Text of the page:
DoJ junks Pacquiao tax caseBy Tetch Torres
MANILA, Philippines—The Department of Justice (DoJ) dismissed the tax case filed by the Bureau of Internal Revenue against boxing champ Manny Pacquiao.
BIR ordered Congressman Pacquiao to submit documents to properly assess him to determine if he has a tax liability or not.
The BIR filed a case for violation of Section 266 of the National Internal Revenue Code (NIRC) against the boxing champ for failure to obey summons sent to him by the BIR.
In an eight-page resolution, the DoJ said there was no valid service of summons when Revenue Officer Abdul Jalil J. Taratingan delivered the subpoena in General Santos City and gave it to a certain Jocelyn Nebria instead of Pacquiao.
“It would be absurd to hold respondent liable for neglecting to obey a subpoena which he [Pacquiao] did not receive at all, in the first place,” the DoJ through Deputy City Prosecutor Arnold Cruz said.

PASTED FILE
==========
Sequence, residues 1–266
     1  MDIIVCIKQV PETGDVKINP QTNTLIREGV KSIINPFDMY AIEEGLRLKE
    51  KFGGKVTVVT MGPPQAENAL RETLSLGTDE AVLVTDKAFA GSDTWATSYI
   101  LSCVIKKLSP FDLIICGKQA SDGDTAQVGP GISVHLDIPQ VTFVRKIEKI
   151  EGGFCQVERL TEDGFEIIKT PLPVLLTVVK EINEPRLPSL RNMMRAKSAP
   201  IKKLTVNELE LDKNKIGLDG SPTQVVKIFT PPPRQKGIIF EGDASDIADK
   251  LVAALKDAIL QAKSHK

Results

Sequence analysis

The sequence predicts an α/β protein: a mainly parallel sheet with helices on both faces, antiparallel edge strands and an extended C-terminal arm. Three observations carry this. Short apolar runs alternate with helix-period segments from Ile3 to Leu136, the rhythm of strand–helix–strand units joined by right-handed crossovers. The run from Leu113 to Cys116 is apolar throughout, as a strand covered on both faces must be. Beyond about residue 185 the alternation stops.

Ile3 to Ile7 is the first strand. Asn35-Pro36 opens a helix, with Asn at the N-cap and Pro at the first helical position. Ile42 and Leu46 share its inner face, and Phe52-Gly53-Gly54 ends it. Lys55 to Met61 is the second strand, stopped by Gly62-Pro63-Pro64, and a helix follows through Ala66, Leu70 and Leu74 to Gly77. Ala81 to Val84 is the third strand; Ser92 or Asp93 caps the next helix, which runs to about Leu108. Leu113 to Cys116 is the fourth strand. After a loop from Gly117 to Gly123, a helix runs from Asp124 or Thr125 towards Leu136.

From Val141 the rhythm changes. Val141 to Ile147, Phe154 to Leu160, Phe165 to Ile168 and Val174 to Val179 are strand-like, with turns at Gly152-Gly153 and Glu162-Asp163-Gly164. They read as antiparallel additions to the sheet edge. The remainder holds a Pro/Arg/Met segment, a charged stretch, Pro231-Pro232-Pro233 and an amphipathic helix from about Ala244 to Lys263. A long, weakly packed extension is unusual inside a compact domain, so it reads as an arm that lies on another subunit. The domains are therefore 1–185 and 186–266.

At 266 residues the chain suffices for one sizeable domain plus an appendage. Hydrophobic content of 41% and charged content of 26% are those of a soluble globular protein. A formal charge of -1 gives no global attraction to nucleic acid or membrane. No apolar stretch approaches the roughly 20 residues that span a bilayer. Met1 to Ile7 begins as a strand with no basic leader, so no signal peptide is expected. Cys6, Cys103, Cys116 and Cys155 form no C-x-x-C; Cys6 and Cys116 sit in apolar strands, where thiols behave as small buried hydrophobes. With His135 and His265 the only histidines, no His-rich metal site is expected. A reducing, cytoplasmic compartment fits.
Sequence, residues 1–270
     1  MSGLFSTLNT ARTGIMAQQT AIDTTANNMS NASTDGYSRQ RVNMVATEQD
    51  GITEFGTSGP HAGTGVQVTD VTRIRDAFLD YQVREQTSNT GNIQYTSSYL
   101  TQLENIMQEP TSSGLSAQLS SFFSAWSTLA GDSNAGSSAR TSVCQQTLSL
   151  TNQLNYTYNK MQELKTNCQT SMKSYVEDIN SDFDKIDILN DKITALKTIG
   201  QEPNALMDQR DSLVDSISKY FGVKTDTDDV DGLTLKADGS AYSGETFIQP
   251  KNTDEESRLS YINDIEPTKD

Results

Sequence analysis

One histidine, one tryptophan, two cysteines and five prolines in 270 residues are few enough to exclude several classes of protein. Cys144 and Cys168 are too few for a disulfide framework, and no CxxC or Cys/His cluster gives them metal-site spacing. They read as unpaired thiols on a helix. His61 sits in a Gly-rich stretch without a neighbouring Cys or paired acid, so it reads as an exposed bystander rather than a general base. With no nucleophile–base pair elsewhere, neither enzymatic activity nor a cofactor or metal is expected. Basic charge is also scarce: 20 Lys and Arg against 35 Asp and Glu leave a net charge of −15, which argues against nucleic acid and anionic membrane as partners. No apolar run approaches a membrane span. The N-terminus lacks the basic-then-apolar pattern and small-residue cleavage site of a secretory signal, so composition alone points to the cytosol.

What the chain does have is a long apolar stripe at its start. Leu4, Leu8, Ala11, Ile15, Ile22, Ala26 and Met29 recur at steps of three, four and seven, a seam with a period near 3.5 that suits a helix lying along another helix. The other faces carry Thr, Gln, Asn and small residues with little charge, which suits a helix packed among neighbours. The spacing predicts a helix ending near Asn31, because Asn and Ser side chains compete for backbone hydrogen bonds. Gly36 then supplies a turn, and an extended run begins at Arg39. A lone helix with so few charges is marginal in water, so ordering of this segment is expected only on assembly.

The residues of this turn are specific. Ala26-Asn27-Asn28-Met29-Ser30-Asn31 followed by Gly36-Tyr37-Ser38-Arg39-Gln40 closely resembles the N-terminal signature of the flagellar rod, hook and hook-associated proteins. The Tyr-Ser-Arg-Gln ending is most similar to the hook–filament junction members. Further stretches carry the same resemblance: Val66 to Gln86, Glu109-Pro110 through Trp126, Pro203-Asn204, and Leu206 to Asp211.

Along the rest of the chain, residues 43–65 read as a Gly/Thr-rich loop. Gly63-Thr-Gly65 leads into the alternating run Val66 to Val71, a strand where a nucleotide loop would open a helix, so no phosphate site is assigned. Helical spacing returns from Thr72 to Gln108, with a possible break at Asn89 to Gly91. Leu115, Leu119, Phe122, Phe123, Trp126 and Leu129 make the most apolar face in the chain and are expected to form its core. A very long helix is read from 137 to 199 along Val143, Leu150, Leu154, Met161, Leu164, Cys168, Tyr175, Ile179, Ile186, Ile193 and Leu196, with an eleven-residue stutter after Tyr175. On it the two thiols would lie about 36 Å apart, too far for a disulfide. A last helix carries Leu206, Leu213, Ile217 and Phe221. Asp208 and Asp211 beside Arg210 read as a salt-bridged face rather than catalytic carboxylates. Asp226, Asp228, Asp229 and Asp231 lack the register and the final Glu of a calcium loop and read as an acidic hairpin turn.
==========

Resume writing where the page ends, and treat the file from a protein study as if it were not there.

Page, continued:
The DoJ said Taratingan’s action is contrary to Revenue Memorandum Order No. 88-2010 which requires for a personal service to the person being summoned. It pointed that it is only upon refusal on the part of the respondent, in this case Pacquiao, to receive the summons that it can be given to another person.
The DoJ said, “there being no refusal on the part of the respondent [Pacquiao] to receive, resort to substituted service is irregular and ineffectual.”
Seen as the world’s best pound for pound boxer, Pacquiao declared assets at the end of 2010 at P1.13 billion and no liabilities, making him the country’s wealthiest member of Congress.
Forbes.com magazine early this year estimated he spent $7 million in his election campaign in 2010 while also earning $35 million for his two fights against Joshua Clottey and Miguel Cotto.
The BIR opted to investigate Pacquiao after paying only P7 million in taxes in 2009 from P125-million in 2008.